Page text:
164in a table (this is what the IRI generation scheme of the direct mapping
165approach misses). The same applies of course for the referenced table and
166its columns -- several foreign keys can reference them.
167Moreover, these Regarding Relation map OWL property IRIs have to be
168prevented from colliding with IRIs of other kinds.\\
169Taking arbitrary and particularly varying base IRIs into account,
170definite markers have to be included in the IRI pattern and other occurrences
171of this marker in the IRI have to be escaped. This uniquely
172identifies Relation map OWL property IRIs and in particular their parts
173providing the table and column names.
174
175Concerning Subtype map IRI prefixes, they must include the column name of
176the database column containing the values to be declared belonging to
177the subclass. Further on, since another database table could contain a
178column of the same name, the IRI must include the table name of the
179database table containing the column.
180This will make Subtype map IRI prefixes unique among their kind.
181Note that a Subtype map IRI prefix, similarly to a IRI pattern,
182does not specify the final IRI but is subject to expansion.
183This expansion can yield the same IRI for different data records, which,
184however, is not considered a collision, since this behavior is
185intentional -- every two data records having the same value in
186the respective column, and only those, will get the same IRI.
187Additionally, it has to be ensured, that IRIs resulting from such an
188expansion do not collide with IRIs of other kinds.\\
189Taking arbitrary and particularly varying base IRIs into account,
190definite markers have to be included in the IRI pattern and other occurrences
191of this marker in the IRI prefix have to be escaped. This uniquely
192identifies Subtype map IRI prefixes and unambiguously
193distinguishes the table name and the column name from the rest of the IRI
194and from one another.
195
196For an example that makes awkwardly -- or fraudulently -- chosen base
197IRIs introduce name clashes, see the paragraph about Entity map
198OWL class IRIs at the beginning of this section.
199
200\subsection{The proposed IRI generation scheme}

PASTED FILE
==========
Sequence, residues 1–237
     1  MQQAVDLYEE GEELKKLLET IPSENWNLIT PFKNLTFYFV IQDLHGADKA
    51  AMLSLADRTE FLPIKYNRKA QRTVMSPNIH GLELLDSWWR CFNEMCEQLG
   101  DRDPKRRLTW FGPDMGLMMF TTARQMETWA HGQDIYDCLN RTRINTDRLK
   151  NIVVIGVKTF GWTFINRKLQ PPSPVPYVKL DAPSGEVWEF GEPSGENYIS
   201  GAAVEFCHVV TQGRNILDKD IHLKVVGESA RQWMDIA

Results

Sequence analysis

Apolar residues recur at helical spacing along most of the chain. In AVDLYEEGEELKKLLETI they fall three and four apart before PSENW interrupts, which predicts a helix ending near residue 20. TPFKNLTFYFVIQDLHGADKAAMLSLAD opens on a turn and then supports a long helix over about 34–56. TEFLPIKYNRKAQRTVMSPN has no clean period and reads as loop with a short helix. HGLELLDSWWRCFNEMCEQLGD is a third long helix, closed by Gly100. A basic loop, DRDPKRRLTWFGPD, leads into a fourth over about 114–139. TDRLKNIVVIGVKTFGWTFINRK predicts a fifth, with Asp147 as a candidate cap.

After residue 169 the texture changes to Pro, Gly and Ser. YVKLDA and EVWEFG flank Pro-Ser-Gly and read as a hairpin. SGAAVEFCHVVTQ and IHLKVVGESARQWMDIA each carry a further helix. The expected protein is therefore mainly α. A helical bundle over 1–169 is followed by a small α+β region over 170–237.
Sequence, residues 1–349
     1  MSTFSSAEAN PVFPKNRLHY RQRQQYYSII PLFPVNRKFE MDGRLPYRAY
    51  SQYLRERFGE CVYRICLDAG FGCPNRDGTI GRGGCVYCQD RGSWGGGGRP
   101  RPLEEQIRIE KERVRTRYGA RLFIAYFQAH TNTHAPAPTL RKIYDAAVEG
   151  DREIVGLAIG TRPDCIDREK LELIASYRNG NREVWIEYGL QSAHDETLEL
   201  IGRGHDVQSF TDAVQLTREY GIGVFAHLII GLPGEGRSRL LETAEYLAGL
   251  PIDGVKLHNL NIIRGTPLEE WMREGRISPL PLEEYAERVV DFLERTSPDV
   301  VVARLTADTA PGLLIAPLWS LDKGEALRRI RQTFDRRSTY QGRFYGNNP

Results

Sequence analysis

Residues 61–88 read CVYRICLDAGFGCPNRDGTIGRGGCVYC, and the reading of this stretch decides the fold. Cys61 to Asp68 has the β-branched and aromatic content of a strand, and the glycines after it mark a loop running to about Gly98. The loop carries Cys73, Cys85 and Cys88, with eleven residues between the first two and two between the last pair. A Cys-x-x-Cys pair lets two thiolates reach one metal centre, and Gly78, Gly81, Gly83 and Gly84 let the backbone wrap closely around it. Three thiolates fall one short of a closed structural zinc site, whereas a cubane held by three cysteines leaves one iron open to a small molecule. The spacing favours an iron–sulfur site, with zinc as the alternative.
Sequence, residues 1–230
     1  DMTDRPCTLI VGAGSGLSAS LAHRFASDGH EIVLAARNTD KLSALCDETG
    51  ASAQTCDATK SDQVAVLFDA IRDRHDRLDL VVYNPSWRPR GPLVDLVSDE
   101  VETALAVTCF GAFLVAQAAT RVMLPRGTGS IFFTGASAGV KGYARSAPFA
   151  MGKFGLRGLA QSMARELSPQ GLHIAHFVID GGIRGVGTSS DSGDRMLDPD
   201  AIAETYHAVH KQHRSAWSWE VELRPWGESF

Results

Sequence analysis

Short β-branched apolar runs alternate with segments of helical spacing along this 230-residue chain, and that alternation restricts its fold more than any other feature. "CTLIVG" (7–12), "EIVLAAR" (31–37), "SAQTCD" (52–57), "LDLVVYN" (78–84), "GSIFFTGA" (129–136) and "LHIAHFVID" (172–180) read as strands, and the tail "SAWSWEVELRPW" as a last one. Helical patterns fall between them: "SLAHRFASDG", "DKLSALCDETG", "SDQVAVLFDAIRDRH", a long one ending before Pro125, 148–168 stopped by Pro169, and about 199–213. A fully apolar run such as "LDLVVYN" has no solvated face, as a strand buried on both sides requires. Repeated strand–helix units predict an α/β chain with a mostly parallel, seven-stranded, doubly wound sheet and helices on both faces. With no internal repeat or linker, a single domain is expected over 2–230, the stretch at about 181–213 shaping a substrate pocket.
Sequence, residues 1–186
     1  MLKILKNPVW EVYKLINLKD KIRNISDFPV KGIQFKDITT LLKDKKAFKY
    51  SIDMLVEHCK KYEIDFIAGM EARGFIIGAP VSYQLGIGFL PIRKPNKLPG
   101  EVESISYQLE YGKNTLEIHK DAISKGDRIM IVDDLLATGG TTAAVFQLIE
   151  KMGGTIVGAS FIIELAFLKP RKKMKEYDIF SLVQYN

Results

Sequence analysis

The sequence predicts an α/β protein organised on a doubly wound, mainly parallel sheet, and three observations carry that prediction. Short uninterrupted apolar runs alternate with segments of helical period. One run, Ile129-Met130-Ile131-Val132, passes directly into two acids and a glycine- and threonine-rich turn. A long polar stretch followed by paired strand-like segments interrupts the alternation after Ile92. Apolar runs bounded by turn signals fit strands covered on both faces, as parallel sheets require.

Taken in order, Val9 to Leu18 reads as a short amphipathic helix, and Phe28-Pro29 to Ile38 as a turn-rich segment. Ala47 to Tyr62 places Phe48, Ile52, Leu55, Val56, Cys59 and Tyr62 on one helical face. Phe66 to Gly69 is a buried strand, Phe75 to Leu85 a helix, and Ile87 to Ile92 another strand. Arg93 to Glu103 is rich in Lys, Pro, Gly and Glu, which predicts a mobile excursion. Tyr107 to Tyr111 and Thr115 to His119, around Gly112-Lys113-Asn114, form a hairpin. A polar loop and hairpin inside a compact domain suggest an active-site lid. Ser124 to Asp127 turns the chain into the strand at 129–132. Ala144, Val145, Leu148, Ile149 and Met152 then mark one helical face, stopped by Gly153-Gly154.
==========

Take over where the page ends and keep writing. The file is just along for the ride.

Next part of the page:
201\label{iris_scheme}
202This section introduces an IRI generation scheme meeting the requirements
203formulated in Section~\ref{iris_req}.
204
205In this section, the following strings are subsumed under the term
206\emph{marking strings}:\\
207``\code{TABLE\_\_}'', ``\code{TBL\_\_}'', ``\code{PROP\_\_}'',
208``\code{REF\_\_}'' and ``\code{SUBTYPE\_\_}''.\\
209The string built by escaping (prefixing) all occurrences of marking strings or
210`\textasciitilde' characters in a string $s$ with a `\textasciitilde'
211character will be called the \emph{IRI-safe version} of $s$.
212
213The IRI generation scheme is presented in Table~\ref{bootstrap_tab_iris}.
214Here, \\ \emph{<base:>} refers to the base IRI to be used for
215the generated IRI (see Section~\fullref{back_basic}),\\
216\emph{<cl. tbl name>} refers to the table name of the database table
217concerning (see Section~\ref{iris_clashes}) in its IRI-safe version,\\
218\emph{<cl. name 1st pk col>} refers to the name of the first primary key
219column concerning (see Section~\ref{iris_clashes}) in its IRI-safe version,\\
220\emph{<\code{/}...>} refers to the continuation of the previous pattern
221using the remaining primary key or foreign key columns,\\
222\emph{<cl. col name>} refers to the name of the column in question
223(see Section~\ref{iris_clashes}) in its IRI-safe version,\\
224\emph{<cl. src tbl>} refers to the table name of the database table
225containing the respective foreign key (see Section~\ref{iris_clashes})
226in its IRI-safe version,\\
227\emph{<cl. 1st src col>} refers to the name of the first foreign key
228column of the respective foreign key (see Section~\ref{iris_clashes})
229in its IRI-safe version,\\
230\emph{<cl. tgt tbl>} refers to the table name of the table referenced by
231the respective foreign key (see Section~\ref{iris_clashes})
232in its IRI-safe version and\\
233\emph{<cl. 1st tgt col>} refers to the name of the first column referenced
234by the respective foreign key (see Section~\ref{iris_clashes})
235in its IRI-safe version.\\
236
237\begin{table}[H]\begin{centering}
238 \begin{tabular}{p{6.3cm}|p{9.7cm}}
239 \textbf{IRI type} & \textbf{Proposed IRI} \\ \hline
240 Entity map OWL class IRI & <base:>\code{TABLE\_\_}<cl. tbl name>\\
241 Identifier map IRI pattern & <base:>\code{TBL\_\_}<cl. tbl name>\code{/}<cl. name 1st pk col>\newline \ind{} \code{/\{\$1\}/}<\code{/}...>\\
242 Attribute map OWL property IRI & <base:>\code{PROP\_\_}<cl. tbl name>\code{\_\_}<cl. col name>\\